Maybe you better check out the vast wind farms in Texas—running ‘WAY under capacity because there’s no infrastructure to get ALL the electricity out of there.

At least T-Bone Pickens has a point: Natural gas is a heluva lot cleaner than petroleum and could EASILY handle our short term energy needs until hydrogen technology is on line.

BTW, the PROBLEM with hydrogen is the difficulty of distribution.  That’s been what has been neglected.

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By rico, suave, August 23, 2010 at 1:03 pm Link to this comment


Are platform workers disproportionately overpaid monopolists? Did you really ask all those other tradesmen?

See, this is what I meant by the progressive mindset concerning “the working man.” As a generic, etherial concept, they’re all about helping “the working man.” But start talking about actual “working men” doing actual jobs and they’re more than happy to throw them under the bus in the name of the “conceptual working man.”

“our electricity is growing too important, to be left in the control of war mongering, greedy capitalists”

So are you suggesting we turn electricity generation over to the geniuses in the government? That’s working really well in Venezuela!

And as for hydrogen. Excellent idea! Where is all this abundant hydrogen hiding? Water? How do we get it out of water? Where does the energy for that come from? Windmills (except off Martha’s Vinyard)?

“millions of Americans have had their lives destroyed… and the lives affected stretched to every vacationer in the world.” You have set the standard for hyperbole my friend. And there’s another example: “millions of Americans”, that amorphous, non-specific group that you champion, as opposed to the tens of thousands of real oil company employees and the thousands of real people who make livings supporting them. Fuck them, they’re part of the money grubbing class.

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By rollzone, August 23, 2010 at 10:23 am Link to this comment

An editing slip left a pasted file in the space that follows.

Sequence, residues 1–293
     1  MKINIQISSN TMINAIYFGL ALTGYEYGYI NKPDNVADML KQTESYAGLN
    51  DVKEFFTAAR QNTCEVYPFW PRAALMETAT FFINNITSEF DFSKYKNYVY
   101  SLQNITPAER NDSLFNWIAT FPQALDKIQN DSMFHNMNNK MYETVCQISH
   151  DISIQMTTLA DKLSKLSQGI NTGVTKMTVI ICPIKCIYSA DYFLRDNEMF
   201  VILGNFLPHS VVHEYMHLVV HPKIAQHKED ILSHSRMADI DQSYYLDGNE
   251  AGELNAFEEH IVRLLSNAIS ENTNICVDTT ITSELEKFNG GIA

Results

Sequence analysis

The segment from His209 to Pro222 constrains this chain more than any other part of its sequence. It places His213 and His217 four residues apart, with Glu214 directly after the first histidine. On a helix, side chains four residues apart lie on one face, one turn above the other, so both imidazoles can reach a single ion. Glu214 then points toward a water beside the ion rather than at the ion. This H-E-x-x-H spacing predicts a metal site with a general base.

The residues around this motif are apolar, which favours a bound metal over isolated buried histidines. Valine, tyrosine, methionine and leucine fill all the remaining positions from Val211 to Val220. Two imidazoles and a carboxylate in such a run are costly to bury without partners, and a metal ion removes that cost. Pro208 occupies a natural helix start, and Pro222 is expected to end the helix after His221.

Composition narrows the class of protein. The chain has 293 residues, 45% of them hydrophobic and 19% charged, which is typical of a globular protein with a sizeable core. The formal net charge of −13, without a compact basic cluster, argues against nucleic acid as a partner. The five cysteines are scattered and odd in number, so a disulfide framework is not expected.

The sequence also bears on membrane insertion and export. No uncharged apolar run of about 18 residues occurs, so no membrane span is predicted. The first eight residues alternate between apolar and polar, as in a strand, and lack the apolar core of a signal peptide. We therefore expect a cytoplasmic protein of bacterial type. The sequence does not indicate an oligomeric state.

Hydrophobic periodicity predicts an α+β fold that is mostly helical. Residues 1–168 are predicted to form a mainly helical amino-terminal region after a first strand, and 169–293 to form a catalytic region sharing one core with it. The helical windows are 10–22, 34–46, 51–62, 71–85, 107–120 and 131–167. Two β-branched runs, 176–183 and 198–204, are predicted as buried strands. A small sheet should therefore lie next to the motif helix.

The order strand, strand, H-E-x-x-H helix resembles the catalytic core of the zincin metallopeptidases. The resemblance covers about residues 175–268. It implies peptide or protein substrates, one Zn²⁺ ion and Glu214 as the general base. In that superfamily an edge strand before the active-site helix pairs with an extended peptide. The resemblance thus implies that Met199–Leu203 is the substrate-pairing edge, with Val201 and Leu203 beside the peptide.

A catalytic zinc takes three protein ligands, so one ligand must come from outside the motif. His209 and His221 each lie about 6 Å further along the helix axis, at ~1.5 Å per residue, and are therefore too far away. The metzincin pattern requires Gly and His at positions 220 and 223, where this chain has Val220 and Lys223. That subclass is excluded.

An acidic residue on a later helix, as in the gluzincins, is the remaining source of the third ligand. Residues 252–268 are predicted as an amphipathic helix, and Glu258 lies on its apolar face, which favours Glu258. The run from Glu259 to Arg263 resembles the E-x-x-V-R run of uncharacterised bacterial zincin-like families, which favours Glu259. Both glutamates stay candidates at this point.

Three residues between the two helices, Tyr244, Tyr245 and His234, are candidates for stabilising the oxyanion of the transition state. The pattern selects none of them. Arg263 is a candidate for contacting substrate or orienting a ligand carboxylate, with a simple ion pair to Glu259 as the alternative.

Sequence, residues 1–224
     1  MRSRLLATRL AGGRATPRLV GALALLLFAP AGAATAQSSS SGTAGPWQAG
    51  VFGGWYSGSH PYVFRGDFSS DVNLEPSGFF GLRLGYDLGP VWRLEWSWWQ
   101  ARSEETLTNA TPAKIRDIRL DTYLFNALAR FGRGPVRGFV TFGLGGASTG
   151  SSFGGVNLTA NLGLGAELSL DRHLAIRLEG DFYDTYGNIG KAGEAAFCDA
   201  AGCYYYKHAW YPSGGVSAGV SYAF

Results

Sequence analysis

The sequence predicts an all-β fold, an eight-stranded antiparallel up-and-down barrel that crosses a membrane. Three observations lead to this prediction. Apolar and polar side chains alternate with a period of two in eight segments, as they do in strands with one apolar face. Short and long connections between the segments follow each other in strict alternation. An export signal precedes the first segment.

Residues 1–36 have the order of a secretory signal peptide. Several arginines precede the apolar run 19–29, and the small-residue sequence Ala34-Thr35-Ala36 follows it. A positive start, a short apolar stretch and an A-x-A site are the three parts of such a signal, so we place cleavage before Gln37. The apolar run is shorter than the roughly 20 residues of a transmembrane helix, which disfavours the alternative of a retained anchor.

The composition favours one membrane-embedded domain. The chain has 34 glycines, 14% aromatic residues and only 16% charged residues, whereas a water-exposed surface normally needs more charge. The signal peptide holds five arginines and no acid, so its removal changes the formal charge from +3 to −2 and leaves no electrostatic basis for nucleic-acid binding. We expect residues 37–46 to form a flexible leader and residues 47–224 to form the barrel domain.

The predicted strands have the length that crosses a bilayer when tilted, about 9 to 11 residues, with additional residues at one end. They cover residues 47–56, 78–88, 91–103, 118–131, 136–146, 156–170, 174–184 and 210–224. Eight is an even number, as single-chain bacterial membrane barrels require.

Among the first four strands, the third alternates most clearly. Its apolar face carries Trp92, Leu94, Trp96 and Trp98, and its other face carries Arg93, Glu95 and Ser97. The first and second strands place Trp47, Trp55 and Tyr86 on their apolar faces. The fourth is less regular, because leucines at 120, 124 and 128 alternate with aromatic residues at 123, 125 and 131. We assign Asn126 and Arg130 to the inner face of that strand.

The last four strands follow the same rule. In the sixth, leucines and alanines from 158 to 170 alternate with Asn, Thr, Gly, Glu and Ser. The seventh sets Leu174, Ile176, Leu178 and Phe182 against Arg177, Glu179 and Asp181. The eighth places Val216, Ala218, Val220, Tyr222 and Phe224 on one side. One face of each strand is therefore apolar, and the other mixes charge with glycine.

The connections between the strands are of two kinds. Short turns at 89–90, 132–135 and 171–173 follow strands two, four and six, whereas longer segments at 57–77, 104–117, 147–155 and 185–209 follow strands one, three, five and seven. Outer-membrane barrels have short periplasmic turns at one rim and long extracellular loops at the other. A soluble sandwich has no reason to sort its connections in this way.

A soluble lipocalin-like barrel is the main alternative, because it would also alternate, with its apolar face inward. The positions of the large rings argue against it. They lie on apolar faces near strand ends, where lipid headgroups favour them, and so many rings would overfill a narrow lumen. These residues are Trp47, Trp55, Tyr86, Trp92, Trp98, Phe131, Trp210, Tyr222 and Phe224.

hello again. i only offer my opinion because my brain already bleeds fromm working elsewhere, and i need a break. yes, captian of the LOVE boat, oil rig workers are disproportionately overpaid- ask any dockworker, steel worker, pipe fitter, carpenter, plumber, HVAC worker, electrician, truck driver, logger, anybody but those sliming greedy whining overpaid elitist ‘life blood of energy’ monopolists. again, my opinion, but everyman of good moral character willing to trade his time away from his home and his family is worth the same pay. these oil barons have brought us from unlimited energy horizons into pidgeonholed oil wars and mass murder, and many concur the unburnt hydrocarbons from internal cumbustion engines is the predominant inner city cause of cancer. yes, Mr. Tesla was correct. yes hydrogen energy is safe, clean, and abundant. yes we have an oil glut and the barons are searching for any sympathy to drive up the prices. the cost of not drilling is: the weaning of America from its oil addiction, its oil dependence, its unquenchable oil diet. it is the gradual process, of resurfacing buried technologies, inventing new ones, and perfecting those already available. our electricity is growing too important, to be left in the control of war mongering, greedy capitalists: oil barons. the time to embrace other technologies is upon us. preliminary findings from the massive blow out determined cost cutting recklessness was a major contributor (greed), and other drillers have claimed (in Congressional testimony)they would have been more responsible. while the lieyers and GoldenSacks now hide the truth to minimize BP’s guilt, millions of Americans have had their lives destroyed. our beautiful gulf, now with underwater demons, is much larger than the little puddle CEO Tony saw, and the lives affected stretched to every vacationer in the world. oil workers need to start building green.